One summer when I was in Junior High School, I desperately wanted to go to music camp. But my dad had just been fired from a job, so there was no money for that. My desire to go was so strong that I decided to take matters into my own hands. I started doing everything I could to earn money: tutoring, cleaning houses, babysitting. I scrimped and saved till I earned what I needed.
At the end of the summer, I was so proud of my accomplishments. Plus, I loved the freedom that having money gave me. When the Christmas season rolled around, my cousin offered my older brother a job in his store, which he refused (sluggish teenager, maybe???). I eagerly asked if I could have the job, and I got it.
Helping Your Teens Create Healthy Money Habits
But your teen’s need for freedom doesn’t mean you should never set money boundaries. When teaching teens about money, sensible limitations combined with the freedom to choose within those limitations, create responsible and healthy habits. (To see this in action, here’s a quick video I recently recorded with one of my client’s success stories on how she set money boundaries for her teenage girls.)
The way to set healthy money boundaries with your teen is to find a way to address the issue from the side and not from the front. A frontal attack is usually destined to fail with a teen. You’re going to lose and injure your relationship with your kid, and it may lead to your teen having an unhealthy relationship with money and earning as an adult.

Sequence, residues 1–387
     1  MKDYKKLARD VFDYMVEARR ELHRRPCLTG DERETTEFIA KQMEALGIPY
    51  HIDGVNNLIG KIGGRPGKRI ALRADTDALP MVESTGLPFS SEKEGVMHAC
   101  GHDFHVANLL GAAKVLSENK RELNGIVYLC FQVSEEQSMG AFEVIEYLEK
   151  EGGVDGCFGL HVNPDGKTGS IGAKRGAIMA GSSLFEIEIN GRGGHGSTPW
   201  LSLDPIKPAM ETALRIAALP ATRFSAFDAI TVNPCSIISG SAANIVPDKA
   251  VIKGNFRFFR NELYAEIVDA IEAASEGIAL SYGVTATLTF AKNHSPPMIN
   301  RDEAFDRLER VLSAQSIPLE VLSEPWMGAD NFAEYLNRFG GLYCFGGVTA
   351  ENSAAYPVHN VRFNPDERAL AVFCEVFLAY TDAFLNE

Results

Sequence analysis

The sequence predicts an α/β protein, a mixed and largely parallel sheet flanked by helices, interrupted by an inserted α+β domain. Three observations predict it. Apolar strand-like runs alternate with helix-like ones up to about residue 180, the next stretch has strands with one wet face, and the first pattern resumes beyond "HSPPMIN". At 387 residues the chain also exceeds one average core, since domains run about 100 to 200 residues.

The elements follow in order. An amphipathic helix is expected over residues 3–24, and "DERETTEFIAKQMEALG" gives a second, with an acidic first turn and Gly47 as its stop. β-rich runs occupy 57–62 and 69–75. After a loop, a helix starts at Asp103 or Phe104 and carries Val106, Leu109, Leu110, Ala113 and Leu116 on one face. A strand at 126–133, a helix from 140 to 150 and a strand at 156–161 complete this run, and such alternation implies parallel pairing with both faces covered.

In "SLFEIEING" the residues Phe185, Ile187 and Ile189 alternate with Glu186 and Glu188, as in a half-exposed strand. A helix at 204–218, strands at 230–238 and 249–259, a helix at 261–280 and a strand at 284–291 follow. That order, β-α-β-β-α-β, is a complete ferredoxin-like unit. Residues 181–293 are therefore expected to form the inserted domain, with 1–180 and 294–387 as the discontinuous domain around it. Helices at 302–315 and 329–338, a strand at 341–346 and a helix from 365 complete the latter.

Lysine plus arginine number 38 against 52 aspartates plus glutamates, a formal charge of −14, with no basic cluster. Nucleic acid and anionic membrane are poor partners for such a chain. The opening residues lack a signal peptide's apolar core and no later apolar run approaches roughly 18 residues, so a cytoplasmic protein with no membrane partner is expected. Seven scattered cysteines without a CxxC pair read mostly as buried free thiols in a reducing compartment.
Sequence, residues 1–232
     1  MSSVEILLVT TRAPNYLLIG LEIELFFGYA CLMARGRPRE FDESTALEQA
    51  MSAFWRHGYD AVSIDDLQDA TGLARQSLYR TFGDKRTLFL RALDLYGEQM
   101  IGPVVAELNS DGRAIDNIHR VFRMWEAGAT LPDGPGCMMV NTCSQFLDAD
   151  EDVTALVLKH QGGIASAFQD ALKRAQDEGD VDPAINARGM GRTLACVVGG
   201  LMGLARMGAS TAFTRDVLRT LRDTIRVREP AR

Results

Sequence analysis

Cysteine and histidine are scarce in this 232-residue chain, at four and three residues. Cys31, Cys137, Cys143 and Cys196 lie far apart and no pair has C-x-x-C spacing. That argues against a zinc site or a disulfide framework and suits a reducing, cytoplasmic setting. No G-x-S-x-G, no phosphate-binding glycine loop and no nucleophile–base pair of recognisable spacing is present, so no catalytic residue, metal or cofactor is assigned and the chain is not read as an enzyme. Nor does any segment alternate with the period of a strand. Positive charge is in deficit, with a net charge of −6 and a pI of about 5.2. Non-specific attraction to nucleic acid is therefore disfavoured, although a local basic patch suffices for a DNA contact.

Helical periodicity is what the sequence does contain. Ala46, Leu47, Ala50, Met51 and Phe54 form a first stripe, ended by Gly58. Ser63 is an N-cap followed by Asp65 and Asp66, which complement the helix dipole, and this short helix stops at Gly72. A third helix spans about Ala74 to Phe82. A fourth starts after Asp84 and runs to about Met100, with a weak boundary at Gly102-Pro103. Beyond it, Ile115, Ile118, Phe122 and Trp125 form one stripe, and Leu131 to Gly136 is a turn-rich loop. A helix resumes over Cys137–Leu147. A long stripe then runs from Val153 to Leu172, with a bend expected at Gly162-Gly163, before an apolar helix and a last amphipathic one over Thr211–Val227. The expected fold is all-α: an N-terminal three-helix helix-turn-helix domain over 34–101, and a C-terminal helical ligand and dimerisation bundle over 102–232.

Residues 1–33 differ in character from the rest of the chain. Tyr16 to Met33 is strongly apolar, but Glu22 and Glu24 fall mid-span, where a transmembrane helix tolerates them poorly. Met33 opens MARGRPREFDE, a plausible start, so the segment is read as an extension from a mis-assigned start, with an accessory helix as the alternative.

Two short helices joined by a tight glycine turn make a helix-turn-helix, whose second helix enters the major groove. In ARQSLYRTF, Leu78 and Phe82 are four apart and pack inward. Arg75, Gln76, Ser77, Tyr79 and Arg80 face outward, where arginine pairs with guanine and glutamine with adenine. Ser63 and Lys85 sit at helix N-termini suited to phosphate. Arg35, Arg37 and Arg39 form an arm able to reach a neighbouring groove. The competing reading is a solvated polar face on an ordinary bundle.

You should accept the fact that your teen’s willpower and hormones are much stronger than your fuse. So, when you see that a head-on collision is approaching, take a side path instead. That means sometimes you have to get creative…
One of my teens was so unmotivated to do anything with her time one summer, that I thought I might strangle her. Okay, not really. But you get the idea. One of my friends runs a summer camp for girls. I asked her to please call up my daughter and offer her a job, and I would actually pay my friend to pay my daughter (Necessity is the mother of invention… This was a matter of “life and death”). It worked! And saved our relationship as well as my sanity for the summer.